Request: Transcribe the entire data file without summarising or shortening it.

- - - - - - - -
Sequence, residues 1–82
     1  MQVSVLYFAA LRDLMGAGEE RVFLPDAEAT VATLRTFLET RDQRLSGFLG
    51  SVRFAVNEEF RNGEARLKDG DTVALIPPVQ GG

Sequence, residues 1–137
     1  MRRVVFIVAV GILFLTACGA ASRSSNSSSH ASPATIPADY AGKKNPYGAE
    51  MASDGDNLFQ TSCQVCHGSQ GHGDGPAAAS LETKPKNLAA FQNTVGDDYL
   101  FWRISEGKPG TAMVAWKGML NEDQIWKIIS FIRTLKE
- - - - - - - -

Sequence, residues 1–82
     1  MQVSVLYFAA LRDLMGAGEE RVFLPDAEAT VATLRTFLET RDQRLSGFLG
    51  SVRFAVNEEF RNGEARLKDG DTVALIPPVQ GG

Sequence, residues 1–137
     1  MRRVVFIVAV GILFLTACGA ASRSSNSSSH ASPATIPADY AGKKNPYGAE
    51  MASDGDNLFQ TSCQVCHGSQ GHGDGPAAAS LETKPKNLAA FQNTVGDDYL
   101  FWRISEGKPG TAMVAWKGML NEDQIWKIIS FIRTLKE